No one in the United States will die from ISIS’s —or anyone’s — terrorism today.
What accounts for the fear that terrorism inspires, considering that its actual risk in the United States and other Western countries is so low? The answer lies in basic human psychology. Scholars have repeatedly found that individuals have strong tendencies to miscalculate risk likelihood in predictable ways.
For instance, individuals’ sense of control directly influences their feeling about whether they are susceptible to a given risk. Thus, for instance, although driving is more likely to result in deadly accidents than flying, individuals tend to feel that the latter is riskier than the former. Flying involves giving up control to the pilot. The resulting sense of vulnerability increases the feeling of risk, inflating it far beyond the actual underlying risks.
When people dread a particular hazard, and when it can harm large numbers at once, it’s far more likely that someone will see it as riskier than it is–and riskier than more serious hazards without those characteristics. For instance, people have been found to estimate that the number killed each year by tornadoes and floods are about the same as those killed by asthma and diabetes. But the latter (diabetes, in particular) account for far more deaths each year than the former. In fact, in the year that study was conducted, actual annual diabetes deaths were estimated in the tens of thousands while fewer than 1,000 people died in tornadoes.
Islamist terrorism has all three of these characteristics, inspiring excessive fear — surely by design. For instance, the Paris attacks harmed large numbers; its victims could have done very little to escape it, since the timing and location of such attacks are unpredictable; and the idea of being shot or blown up by a mysterious set of masked extremists is incredibly dreadful.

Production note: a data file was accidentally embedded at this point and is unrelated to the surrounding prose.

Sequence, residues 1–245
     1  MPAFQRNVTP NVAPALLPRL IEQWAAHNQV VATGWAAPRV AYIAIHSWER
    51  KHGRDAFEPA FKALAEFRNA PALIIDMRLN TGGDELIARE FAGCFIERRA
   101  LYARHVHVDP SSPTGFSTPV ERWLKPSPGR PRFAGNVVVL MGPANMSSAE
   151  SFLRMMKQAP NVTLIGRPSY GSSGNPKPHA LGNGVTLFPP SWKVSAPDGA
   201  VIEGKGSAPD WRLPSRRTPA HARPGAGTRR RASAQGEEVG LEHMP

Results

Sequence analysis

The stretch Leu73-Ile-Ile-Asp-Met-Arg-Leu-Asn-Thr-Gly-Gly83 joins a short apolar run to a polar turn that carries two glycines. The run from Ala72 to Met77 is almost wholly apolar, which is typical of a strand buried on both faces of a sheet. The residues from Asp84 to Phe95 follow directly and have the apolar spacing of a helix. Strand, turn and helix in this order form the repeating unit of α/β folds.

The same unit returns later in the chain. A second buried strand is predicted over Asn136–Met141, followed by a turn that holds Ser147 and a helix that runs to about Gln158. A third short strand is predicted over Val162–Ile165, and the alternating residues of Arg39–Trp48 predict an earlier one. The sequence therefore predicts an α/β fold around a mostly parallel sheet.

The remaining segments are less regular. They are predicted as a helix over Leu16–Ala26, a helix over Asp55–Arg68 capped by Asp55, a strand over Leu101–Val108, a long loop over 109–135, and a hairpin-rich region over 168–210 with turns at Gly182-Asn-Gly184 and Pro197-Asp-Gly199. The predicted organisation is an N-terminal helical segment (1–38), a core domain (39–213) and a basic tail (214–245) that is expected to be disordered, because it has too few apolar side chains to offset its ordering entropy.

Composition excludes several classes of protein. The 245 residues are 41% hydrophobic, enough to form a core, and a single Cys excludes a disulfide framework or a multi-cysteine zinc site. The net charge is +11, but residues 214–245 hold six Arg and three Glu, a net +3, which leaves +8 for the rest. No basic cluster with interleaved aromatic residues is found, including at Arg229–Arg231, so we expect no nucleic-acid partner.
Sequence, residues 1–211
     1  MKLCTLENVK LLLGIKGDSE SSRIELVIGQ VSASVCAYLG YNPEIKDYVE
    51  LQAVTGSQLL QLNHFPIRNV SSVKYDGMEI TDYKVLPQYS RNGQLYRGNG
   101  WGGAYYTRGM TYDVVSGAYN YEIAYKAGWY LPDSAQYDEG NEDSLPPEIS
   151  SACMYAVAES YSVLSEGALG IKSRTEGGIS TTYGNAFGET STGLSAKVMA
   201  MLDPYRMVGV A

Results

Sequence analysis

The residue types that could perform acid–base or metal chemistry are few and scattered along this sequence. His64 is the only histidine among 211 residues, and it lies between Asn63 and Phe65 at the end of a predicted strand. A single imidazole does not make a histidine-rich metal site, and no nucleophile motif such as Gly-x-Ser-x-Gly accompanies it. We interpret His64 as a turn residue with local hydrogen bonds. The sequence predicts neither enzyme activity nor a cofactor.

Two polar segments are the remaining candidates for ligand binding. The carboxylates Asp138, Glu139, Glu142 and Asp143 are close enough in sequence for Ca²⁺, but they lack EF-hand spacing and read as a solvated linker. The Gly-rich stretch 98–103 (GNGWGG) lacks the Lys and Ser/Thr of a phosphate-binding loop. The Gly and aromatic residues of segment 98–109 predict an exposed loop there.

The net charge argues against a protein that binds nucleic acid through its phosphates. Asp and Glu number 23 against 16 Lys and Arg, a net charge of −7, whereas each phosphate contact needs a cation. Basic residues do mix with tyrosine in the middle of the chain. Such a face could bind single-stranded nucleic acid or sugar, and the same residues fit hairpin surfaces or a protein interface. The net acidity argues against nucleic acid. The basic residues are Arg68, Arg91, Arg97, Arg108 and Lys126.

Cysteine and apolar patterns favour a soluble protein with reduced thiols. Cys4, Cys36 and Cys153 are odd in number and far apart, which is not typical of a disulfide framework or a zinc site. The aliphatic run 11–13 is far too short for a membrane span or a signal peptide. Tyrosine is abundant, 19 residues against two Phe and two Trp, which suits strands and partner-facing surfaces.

When we miscalculate risks, we sometimes behave in ways that are riskier than those we are trying to avoid. For instance, in the months following the 9/11 terrorist attacks, millions of Americans elected not to fly. A significant proportion decided to drive to their destinations instead. Driving is more dangerous than flying. And so one scholar of risk, Gerd Gigerenzer, calculated that more people died from the resulting automobile accidents than the total number of individuals who were killed aboard the four hijacked planes Sept. 11.
Kahneman believes that the news media’s disproportionate focus on cases of Western terrorism reinforces such mistaken perceptions. As he explains in his book “Thinking, Fast and Slow,” “extremely vivid image[s] of death and damage” resulting from terrorist attacks are “reinforced by media attention and frequent conversation,” leaving us with highly accessible memories of such events. When people who have been exposed to such coverage later assess how likely more terrorism is, such events come readily to mind — and so they are likely to assign probabilities biased upward.
America’s panicked obsession with Islamist terrorism is understandable but may skew public policies in costly ways. In particular, a serious public policy problem emerges when unsubstantiated fear fuels excessive public spending. More than a decade after the Sept. 11 terrorist attacks, the U.S. government has committed trillions of dollars to fighting the war on terror. Certainly, some – perhaps even most – of this funding is warranted.
Consider, however, that federal spending on improving vehicular safety and research for Alzheimer’s and diabetes pales in comparison. Yet traffic deaths, Alzheimer’s and diabetes account for hundreds of thousands of deaths each year in the United States.
Whether diverting counterterrorism funding to research in Alzheimer’s and diabetes research would save more American lives depends on the respective marginal benefits. But our government is unlikely to objectively evaluate its investments as long as most Americans have outsized fears of the threat of Islamist terrorist attacks.
To be clear, I’m not suggesting that the United States and other Western countries are facing no risk of more terror. Quite the contrary: We will almost certainly be attacked by terrorists again during the coming years and decades.
But people will also die from other unlikely events during this same period: a number of unlucky individuals will die after falling out of bed. Others will die of head injuries from coconuts falling from trees. The likelihood that you or those you love will be directly affected by any of this in your lifetime is exceedingly small.
And so perhaps the best way to counter terrorists is to do just as the French pianist who played “Imagine” in public outside the Bataclan did after the attack, or as did the widower whose wife died in the attack, and whose open letter to the terrorists included this: “I will insult you with my happiness.” We can refuse to give them the fear they so desperately want from us.